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G20 has come a long way since its start as annual meet of FMs in 1999

 As India gears up to host the concluding leg of the annual G20 summit in the national capital on September 9-10, it will mark the end of its year as president.

India, this year, promotes a universal sense of oneness and a shared global future for all under the theme ‘One Earth, One Family, One Future’.
 
Founded in 1999 following the Asian financial crisis, the G20 was a forum for finance ministers and governors of central banks to come together and discuss global economic and financial issues.
 
The Asian financial crisis began in 1997 in Thailand and spread to several other countries in a ripple effect, gripping much of east and Southeast Asia and threatening of a global impact. The situation, however, stabilised and recovered by 1998-99.
 
After the global economic meltdown of 2007, the G20 group was elevated to the level of Heads of State/Government and was named the “premier forum for international economic cooperation.”
 
This conglomerate includes 19 wealthiest countries of the world and the European Union. Its presidency rotates annually among the member countries.
 
The G20 countries together account for 75 per cent of global trade and 85 per cent of the world’s GDP, besides comprising nearly two-thirds of the global population.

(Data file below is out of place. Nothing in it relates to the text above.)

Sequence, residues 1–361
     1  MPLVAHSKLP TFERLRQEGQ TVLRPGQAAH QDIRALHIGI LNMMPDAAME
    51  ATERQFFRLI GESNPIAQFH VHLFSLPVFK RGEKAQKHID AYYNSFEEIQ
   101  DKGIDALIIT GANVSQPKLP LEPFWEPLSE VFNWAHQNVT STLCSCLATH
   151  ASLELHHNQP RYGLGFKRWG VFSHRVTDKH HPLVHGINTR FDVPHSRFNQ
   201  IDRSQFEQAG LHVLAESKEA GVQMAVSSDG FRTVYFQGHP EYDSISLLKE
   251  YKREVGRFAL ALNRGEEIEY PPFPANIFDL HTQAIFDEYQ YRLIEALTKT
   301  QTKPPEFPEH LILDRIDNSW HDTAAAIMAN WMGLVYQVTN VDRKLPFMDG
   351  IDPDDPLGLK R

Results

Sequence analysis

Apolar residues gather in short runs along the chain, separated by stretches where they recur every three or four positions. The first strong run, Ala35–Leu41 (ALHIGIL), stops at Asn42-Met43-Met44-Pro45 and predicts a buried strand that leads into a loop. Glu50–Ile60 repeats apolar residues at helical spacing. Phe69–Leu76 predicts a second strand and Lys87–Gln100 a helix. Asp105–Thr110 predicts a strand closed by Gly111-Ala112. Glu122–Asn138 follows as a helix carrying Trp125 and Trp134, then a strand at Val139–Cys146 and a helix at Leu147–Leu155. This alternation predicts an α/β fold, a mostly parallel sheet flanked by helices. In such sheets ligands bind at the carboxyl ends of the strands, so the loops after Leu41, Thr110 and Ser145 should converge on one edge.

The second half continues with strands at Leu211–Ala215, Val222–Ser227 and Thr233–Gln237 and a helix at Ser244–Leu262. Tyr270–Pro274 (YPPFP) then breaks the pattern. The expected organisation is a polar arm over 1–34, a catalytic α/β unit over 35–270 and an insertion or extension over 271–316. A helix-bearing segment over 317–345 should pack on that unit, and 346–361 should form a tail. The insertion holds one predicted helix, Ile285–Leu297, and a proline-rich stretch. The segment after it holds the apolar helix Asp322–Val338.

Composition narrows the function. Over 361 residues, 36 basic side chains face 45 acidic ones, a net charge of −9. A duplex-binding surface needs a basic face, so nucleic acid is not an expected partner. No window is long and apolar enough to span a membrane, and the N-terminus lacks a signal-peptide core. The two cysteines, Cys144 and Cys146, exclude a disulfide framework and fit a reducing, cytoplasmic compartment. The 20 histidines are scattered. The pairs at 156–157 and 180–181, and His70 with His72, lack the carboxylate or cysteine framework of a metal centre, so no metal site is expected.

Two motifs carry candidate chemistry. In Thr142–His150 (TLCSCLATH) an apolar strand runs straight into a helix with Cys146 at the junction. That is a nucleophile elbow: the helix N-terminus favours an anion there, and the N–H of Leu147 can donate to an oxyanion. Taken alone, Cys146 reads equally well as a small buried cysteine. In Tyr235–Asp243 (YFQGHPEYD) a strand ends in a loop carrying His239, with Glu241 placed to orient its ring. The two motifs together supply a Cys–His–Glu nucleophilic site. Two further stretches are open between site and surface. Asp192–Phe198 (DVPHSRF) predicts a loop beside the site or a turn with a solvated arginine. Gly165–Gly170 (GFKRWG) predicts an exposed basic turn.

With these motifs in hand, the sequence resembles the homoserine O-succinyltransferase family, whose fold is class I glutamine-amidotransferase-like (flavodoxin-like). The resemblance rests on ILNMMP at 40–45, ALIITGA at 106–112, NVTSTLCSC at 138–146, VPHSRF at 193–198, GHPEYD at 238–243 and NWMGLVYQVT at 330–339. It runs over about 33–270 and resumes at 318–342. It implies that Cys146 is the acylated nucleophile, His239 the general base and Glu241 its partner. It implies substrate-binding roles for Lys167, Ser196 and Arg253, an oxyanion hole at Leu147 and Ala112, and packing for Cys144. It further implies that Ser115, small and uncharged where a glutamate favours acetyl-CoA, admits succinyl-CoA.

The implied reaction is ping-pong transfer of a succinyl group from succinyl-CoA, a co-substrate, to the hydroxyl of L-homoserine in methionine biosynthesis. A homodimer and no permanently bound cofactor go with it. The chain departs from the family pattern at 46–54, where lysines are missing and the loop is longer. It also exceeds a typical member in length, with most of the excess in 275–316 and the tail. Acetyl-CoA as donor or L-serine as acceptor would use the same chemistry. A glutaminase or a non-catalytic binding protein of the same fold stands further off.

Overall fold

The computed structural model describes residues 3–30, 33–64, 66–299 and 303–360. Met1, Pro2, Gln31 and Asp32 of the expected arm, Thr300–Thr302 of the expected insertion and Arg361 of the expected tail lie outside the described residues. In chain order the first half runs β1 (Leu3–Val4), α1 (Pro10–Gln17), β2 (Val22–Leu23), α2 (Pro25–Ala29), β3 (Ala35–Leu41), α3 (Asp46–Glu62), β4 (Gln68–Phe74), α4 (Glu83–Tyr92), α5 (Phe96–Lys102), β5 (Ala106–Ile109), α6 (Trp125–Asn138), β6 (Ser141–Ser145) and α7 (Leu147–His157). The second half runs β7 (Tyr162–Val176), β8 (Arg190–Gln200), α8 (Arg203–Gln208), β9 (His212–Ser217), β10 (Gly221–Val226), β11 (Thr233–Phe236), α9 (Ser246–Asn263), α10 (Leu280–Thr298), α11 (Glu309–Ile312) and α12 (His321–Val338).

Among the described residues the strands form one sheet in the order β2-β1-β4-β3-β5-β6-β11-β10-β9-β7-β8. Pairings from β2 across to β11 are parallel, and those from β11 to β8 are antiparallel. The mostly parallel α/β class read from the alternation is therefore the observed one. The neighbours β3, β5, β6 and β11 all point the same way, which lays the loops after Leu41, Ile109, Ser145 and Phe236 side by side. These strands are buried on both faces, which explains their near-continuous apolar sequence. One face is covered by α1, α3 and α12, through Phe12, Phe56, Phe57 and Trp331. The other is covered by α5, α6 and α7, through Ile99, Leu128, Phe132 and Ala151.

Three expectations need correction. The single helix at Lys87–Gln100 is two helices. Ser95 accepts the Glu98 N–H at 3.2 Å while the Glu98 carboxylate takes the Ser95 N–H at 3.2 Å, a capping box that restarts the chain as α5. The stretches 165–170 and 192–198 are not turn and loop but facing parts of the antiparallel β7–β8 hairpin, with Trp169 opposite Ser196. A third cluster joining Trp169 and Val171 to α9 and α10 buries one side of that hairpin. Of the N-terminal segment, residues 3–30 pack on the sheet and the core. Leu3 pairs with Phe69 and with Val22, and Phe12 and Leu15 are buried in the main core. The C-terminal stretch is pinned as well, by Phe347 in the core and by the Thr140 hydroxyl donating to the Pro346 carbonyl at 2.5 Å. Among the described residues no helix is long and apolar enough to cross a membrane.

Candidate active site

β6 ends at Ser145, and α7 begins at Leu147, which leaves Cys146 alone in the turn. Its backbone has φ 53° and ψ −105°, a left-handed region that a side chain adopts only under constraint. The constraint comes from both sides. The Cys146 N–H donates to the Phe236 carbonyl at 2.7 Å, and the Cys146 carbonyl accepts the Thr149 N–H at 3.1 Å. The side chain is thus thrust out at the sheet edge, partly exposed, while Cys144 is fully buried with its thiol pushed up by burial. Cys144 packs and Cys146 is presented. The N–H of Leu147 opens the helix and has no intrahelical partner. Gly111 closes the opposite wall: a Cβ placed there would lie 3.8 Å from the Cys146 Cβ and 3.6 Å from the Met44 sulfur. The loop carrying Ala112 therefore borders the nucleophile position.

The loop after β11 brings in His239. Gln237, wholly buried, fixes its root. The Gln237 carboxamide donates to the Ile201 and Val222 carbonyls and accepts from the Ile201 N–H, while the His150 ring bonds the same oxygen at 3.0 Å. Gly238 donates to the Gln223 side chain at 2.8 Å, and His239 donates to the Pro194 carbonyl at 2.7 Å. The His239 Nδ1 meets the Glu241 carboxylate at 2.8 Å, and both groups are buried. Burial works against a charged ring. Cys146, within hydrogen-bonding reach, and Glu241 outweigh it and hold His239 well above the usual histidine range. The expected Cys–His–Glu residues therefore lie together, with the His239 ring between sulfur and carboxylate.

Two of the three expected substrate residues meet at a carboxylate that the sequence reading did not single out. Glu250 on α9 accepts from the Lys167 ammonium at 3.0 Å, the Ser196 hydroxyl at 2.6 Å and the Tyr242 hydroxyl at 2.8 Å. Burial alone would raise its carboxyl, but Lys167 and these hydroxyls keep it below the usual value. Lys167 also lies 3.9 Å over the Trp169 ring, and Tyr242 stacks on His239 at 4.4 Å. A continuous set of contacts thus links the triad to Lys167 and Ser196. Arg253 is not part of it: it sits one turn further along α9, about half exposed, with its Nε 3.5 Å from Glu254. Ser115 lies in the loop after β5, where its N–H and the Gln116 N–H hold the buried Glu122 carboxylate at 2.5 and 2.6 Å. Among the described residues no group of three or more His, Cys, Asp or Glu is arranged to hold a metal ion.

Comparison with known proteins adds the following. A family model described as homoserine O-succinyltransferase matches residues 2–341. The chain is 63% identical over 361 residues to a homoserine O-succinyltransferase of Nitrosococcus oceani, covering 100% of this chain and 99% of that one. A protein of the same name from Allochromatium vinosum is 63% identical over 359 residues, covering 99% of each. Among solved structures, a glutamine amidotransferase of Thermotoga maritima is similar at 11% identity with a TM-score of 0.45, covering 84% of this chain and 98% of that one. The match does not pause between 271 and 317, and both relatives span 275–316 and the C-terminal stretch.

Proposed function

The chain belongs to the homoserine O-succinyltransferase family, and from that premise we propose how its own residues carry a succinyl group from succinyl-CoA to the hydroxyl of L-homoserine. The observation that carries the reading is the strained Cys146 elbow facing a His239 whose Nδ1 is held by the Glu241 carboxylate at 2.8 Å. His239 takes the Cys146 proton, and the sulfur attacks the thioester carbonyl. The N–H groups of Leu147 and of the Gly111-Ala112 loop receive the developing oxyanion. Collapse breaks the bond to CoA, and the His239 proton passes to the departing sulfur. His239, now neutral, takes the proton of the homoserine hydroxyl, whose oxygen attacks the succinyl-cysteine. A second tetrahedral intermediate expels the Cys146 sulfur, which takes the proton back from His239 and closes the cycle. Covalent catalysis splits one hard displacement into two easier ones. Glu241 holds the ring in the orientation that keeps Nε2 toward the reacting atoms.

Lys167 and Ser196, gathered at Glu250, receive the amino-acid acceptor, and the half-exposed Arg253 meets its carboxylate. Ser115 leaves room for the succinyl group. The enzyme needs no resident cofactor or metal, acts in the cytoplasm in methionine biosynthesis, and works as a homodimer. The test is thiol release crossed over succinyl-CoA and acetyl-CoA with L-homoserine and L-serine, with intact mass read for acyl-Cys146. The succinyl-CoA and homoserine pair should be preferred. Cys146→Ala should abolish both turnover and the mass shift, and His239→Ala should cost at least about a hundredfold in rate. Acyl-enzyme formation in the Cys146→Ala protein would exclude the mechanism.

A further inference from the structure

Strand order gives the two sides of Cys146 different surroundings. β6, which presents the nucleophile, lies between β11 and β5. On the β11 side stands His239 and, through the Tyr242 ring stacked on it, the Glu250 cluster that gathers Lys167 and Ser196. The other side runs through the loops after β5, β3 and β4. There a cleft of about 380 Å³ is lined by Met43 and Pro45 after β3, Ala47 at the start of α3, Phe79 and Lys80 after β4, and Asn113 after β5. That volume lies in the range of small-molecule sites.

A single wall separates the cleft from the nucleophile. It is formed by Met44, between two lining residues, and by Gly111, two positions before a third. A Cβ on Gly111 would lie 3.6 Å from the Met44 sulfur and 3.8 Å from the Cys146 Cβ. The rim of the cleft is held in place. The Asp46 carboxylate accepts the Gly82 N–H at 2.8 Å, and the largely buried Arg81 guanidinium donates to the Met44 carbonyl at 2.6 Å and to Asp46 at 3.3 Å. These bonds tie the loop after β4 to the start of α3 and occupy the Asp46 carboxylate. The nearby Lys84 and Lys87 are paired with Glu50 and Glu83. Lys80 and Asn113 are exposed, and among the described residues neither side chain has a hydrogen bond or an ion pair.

It is to be noted that the G20 conglomerate is distinct from G20+, a bloc of developing nations established on August 20, 2003. It emerged at the fifth Ministerial WTO conference held in Cancun, Mexico, in September 2003. This group accounts for 60 per cent of the world’s population, 70 per cent of its farmers and 26 per cent of the world’s agricultural exports.

The G20 conglomerate is similarly intended along the lines of BRICS, the 15th edition of which concluded recently in Johannesburg, South Africa.

This group of primarily Brazil, Russia, India, China, and South Africa came together in 2010 after South Africa joined the existing BRIC group that was formed in 2001. BRICS is described as the fastest-growing economies that seek to collectively dominate the global economy by 2050.

For the G20 summit to be held in New Delhi, it was conveyed that Russian premier Vladimir Putin will not be in attendance due to his “busy schedule”. Putin, however, had attended the BRICS summit virtually, reportedly to avoid a possible arrest by the International Criminal Court, which has issued a warrant for Putin’s arrest for war crimes in Ukraine.  
 
However, at the G20, Russia’s invasion of Ukraine is expected to be a talking point.

Another talking point regarding the summit in New Delhi, however, is the controversy surrounding the city decor for the foreign guests. Fountains that are Shivlings are installed in the Dhaula Kuan area of New Delhi, and it is criticised that the revered idol is not a decorative object.

However, another talking point of greater concern is the “standard map” that China released shortly before the summit, and when the Chinese premier is expected to be in attendance at the summit.

China released a map that includes parts of India (Arunachal Pradesh and eastern Ladakh). It is the timing of the release of this map that is most crucial, making the situation difficult to host China, and even casting doubt on whether President Xi Jinping would be inclined to attend the summit in India.

Reportedly, China releases the standard map every year, but the situation this year is clearly different.

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